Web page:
A cough is a protective, natural reflex intended to keep the airway clear. The urge to cough is a built-in reflex in your central nervous system, similar to the reflex to sneeze, swallow or yawn. The control centers for the cough reflex are in the same part of your brain where many functions related to survival are found1, showing just how important it is for your health and safety to have the ability to cough.
A cough can be triggered by both non-infectious causes, such as smoke, dust, and pet dander, or by infectious agents, like bacteria and viruses. A cough can also expel food that went down the wrong way, or a foreign object from getting into your lungs. It can be voluntary or involuntary as a reflex.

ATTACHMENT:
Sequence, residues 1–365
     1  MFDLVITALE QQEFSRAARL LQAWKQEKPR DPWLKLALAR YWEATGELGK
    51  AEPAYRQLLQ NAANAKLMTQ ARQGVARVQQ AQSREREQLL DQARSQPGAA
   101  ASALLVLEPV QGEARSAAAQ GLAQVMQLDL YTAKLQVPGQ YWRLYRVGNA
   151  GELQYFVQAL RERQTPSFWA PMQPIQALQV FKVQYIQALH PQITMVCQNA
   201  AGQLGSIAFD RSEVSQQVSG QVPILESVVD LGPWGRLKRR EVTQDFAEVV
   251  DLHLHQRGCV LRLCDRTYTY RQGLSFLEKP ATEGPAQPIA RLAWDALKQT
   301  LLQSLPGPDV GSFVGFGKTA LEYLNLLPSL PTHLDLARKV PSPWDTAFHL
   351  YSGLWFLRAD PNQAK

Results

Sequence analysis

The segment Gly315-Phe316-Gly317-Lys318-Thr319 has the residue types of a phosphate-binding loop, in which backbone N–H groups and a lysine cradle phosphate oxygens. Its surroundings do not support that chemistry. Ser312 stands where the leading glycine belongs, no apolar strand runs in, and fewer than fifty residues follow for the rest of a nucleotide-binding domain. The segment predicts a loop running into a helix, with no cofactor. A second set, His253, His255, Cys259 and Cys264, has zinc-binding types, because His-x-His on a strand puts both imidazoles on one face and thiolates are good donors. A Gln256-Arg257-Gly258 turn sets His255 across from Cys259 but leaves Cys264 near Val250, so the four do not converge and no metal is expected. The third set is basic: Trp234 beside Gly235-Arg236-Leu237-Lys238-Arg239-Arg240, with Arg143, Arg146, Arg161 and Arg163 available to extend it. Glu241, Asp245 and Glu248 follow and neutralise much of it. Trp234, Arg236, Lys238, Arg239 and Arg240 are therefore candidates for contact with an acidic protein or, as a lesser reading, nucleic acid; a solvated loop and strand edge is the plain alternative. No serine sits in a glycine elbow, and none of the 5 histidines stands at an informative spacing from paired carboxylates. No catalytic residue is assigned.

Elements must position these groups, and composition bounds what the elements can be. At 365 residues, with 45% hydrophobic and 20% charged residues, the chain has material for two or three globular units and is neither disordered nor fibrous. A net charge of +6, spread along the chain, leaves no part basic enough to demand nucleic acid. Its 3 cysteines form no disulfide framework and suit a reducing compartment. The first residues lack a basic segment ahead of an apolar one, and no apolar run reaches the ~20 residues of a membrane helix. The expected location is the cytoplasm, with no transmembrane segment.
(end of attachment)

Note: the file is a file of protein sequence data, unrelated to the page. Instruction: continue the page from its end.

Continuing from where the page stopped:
When the nerve endings in your airways become irritated by something you breathe in from the environment—like pollen or dust— the cough reflex kicks in. In this instance coughing helps you to expel the irritant.
A cough may also develop as a result of a viral infection. This type of cough can be either voluntary or involuntary, to help your lungs get rid of mucus that can accumulate from the immune response fighting the infection.

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